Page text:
Change of planning conditions sought for 200-home development at former Aylesbury factory

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A planning application has been submitted in connection with a 200-home housing project in Aylesbury.

Savills has applied for an amended planning application in connection to its approved project to transform a former factory site into housing.

Developers still hope to create a 200-home neighbourhood on Rabans Lane by demolishing a former CD distribution hub.

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New plans submitted by the housing company on behalf of Aylesbury Estates Ltd, would involve changing how traffic can access the site.

Planning approval was granted in August 2022Planning approval was granted in August 2022
Planning approval was granted in August 2022

Under the new plans vehicles would access the eastern section of the potential development via Brunel Road, rather than from Rabans Lane.

As well as housing, the project which was approved in August 2022, will also see parking and new green areas created.

It would be built next to Aylesbury recycling centre and within the vicinity of a water processing plant.

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Many residents objected to the plans to construct a mix of one, two, three and four bedroom houses in the industrial area near Fairford Leys.

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A Coldharbour Parish Councillor has reasserted the local group’s objections to the project. Previously, Councillor Keith Gray wrote: “Increased in traffic in an already well used area of the town which will significantly impact the traffic flow not only on Coldharbour Way but the main roads into Aylesbury and will have a negative impact on both local residents and visitors to the area.”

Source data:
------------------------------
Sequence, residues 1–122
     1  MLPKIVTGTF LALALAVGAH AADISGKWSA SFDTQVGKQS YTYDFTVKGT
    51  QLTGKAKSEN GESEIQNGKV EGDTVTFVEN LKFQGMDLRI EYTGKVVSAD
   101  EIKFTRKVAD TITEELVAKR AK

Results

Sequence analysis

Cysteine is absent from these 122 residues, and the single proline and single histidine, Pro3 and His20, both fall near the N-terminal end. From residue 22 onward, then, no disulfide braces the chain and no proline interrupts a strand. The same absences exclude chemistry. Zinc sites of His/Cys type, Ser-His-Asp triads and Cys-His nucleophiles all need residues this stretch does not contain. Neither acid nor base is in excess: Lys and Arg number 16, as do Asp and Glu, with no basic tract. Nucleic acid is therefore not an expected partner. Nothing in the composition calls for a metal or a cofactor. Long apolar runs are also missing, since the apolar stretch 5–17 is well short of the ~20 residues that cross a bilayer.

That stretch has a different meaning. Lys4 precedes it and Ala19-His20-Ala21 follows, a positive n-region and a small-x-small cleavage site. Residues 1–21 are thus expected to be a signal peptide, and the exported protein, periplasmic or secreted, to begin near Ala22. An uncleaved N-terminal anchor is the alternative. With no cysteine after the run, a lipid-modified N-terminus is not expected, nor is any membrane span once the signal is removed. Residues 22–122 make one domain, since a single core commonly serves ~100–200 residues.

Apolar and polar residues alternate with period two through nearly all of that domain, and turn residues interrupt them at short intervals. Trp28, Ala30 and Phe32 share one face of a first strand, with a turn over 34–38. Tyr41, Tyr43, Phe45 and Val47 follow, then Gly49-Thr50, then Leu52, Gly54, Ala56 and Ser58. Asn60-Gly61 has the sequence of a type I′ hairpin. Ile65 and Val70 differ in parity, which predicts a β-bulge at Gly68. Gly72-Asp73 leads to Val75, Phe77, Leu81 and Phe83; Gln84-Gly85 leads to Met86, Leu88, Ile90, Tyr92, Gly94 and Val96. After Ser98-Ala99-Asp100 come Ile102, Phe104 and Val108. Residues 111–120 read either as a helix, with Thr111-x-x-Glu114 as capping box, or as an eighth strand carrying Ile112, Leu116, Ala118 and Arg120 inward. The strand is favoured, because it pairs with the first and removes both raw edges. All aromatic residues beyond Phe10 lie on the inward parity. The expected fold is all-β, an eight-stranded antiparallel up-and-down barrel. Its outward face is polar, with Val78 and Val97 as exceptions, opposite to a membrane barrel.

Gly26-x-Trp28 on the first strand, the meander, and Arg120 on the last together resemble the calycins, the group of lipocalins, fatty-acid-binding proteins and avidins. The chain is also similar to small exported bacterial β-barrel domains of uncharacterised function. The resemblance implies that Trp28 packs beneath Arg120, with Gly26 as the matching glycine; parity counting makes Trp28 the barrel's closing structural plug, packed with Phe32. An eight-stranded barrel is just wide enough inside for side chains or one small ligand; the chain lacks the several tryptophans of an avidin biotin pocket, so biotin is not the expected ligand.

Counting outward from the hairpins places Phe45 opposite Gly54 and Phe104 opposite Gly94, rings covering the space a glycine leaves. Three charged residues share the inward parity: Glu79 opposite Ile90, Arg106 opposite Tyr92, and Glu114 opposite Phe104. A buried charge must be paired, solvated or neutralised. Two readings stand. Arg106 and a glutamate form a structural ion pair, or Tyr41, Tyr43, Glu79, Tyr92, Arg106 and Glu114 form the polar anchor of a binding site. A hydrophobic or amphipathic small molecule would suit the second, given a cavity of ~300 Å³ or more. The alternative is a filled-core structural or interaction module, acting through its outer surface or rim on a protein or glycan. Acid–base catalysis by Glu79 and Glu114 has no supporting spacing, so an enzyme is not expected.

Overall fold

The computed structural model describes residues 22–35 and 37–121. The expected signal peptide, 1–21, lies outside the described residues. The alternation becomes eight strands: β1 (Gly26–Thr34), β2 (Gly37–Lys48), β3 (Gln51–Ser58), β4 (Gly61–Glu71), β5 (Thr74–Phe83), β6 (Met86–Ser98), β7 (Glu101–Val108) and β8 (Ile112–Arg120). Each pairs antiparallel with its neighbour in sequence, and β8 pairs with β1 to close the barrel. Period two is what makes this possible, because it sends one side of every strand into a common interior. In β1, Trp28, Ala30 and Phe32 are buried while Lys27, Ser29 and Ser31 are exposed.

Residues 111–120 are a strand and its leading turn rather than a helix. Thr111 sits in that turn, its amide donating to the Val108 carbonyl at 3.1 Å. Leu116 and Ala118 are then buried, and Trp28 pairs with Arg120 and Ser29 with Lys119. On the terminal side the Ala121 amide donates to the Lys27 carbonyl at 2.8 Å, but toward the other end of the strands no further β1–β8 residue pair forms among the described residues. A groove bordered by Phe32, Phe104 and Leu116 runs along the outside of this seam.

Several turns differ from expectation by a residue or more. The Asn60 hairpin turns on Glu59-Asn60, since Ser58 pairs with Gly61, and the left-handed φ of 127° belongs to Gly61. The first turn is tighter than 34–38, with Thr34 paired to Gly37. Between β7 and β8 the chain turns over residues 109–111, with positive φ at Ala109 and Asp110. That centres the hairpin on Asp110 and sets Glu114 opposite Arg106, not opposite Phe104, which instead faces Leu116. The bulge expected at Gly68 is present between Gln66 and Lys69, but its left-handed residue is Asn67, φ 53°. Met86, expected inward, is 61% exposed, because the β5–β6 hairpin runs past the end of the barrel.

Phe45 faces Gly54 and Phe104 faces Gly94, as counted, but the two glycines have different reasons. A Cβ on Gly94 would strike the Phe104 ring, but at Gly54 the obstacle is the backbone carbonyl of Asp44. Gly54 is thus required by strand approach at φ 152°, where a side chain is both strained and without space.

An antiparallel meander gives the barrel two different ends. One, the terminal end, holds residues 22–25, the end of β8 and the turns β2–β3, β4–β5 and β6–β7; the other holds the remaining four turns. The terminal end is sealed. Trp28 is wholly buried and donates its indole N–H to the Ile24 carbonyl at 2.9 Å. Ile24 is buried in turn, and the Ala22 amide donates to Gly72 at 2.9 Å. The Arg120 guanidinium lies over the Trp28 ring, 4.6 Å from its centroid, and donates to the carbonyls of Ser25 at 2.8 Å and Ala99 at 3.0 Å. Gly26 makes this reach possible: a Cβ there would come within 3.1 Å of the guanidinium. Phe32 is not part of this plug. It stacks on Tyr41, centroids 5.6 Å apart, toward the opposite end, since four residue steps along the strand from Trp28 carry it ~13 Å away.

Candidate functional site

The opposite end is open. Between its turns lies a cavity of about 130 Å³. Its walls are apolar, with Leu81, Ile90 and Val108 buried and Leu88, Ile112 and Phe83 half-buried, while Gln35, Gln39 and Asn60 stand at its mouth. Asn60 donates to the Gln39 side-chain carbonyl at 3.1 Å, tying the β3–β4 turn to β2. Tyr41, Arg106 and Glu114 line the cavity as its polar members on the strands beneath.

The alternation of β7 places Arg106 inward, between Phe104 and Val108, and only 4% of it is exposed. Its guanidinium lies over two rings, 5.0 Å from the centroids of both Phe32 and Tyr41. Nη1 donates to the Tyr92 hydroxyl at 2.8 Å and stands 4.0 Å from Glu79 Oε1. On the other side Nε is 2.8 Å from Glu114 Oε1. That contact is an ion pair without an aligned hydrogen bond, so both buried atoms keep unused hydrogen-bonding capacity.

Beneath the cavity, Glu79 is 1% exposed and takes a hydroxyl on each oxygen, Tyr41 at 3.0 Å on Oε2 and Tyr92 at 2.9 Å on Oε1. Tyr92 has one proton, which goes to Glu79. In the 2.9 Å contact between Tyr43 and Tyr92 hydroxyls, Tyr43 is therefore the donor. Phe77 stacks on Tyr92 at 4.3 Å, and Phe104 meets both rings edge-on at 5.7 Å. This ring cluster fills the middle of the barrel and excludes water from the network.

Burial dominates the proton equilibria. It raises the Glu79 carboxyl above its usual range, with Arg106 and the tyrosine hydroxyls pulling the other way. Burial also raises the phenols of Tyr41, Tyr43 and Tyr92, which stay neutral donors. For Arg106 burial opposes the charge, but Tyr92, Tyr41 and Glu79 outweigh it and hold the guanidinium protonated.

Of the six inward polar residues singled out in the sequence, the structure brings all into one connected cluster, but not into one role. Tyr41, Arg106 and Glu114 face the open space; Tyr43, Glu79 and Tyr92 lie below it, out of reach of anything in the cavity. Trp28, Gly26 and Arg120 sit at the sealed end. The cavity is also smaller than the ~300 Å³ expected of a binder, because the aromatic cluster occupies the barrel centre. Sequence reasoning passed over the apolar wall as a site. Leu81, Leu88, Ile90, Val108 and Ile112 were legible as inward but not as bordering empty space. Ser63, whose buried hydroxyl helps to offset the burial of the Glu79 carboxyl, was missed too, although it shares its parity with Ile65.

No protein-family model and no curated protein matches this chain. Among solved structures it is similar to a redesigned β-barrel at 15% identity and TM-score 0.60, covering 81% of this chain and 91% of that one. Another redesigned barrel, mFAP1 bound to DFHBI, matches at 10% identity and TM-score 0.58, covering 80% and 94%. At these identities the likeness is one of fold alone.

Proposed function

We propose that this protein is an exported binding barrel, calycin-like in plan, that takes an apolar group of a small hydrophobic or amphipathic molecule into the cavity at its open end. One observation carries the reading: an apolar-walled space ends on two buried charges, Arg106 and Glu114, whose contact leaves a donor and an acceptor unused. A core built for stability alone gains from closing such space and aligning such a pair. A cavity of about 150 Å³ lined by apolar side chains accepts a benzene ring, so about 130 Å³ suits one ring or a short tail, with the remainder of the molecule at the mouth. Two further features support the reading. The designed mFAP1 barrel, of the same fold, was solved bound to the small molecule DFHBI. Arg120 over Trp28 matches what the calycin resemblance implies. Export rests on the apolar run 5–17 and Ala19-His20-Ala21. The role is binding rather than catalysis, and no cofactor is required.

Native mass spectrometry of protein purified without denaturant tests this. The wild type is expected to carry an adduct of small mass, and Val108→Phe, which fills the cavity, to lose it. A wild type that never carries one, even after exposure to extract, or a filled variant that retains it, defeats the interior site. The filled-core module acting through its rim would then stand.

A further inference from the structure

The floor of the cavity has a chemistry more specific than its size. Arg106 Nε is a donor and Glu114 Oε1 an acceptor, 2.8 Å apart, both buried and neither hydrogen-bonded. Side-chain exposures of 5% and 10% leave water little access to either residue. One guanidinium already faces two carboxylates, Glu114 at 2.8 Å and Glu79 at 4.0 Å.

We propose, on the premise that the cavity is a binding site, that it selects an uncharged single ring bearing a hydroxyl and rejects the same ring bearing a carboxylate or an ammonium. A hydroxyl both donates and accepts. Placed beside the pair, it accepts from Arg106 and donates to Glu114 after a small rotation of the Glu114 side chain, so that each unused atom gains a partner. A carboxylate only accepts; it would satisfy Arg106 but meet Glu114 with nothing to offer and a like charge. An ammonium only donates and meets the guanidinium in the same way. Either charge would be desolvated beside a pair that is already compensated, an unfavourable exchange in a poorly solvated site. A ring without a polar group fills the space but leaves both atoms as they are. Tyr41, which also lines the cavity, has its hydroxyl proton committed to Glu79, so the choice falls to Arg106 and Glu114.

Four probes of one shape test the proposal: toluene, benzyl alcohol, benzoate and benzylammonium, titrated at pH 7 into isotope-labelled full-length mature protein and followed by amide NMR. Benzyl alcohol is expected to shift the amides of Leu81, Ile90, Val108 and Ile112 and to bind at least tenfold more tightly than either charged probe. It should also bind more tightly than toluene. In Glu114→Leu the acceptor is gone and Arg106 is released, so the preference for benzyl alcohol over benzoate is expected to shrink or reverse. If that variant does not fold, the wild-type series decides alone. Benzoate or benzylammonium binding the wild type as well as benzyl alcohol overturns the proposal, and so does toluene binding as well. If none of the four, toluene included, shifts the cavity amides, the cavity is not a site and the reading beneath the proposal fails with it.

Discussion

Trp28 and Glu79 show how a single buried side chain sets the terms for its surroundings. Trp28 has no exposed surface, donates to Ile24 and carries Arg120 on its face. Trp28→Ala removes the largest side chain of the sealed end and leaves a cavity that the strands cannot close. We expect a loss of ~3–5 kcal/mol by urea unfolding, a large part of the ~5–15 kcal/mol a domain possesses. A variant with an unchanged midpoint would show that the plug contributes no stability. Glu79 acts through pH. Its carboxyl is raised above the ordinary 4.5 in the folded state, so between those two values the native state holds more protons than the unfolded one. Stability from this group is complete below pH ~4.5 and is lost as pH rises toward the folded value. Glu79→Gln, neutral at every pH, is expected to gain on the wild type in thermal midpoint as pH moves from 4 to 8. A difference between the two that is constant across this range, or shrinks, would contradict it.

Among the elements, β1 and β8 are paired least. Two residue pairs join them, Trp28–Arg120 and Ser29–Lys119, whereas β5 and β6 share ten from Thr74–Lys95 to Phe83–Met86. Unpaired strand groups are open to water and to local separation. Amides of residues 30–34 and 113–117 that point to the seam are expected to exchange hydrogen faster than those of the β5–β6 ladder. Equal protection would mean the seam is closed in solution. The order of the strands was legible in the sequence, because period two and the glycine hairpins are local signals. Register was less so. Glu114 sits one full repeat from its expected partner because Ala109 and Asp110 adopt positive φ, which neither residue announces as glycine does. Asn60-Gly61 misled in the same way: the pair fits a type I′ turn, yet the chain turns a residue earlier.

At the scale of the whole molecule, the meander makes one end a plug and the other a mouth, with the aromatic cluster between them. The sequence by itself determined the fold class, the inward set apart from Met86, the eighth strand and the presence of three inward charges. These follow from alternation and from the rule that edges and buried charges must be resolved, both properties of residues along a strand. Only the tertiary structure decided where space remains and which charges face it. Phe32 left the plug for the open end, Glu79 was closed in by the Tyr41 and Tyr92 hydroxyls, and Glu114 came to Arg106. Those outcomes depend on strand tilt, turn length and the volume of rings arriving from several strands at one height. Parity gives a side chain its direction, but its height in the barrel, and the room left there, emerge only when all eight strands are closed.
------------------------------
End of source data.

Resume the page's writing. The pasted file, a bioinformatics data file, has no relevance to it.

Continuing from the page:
Aylesbury Town Council also objected to the project, which was given conditional approval by the unitary authority. Among the concerns raised by the town council was a criticism of the appearance of a new neighbourhood that would sit beside industrial units.

People involved in constructing the new homes are seeking a change to current council agreements due to significant service diversion costs being needed to make the development feasible.

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A spokesperson for the project said in a document submitted to the council: “Some services such as water and gas are contained with polyethylene and concrete/asbestos pipes which would not show up on scans. The location of the mains is to be checked with trial holes which are currently ongoing.”

To complete the scheme with the current transport agreements would cost the development team £700,000.

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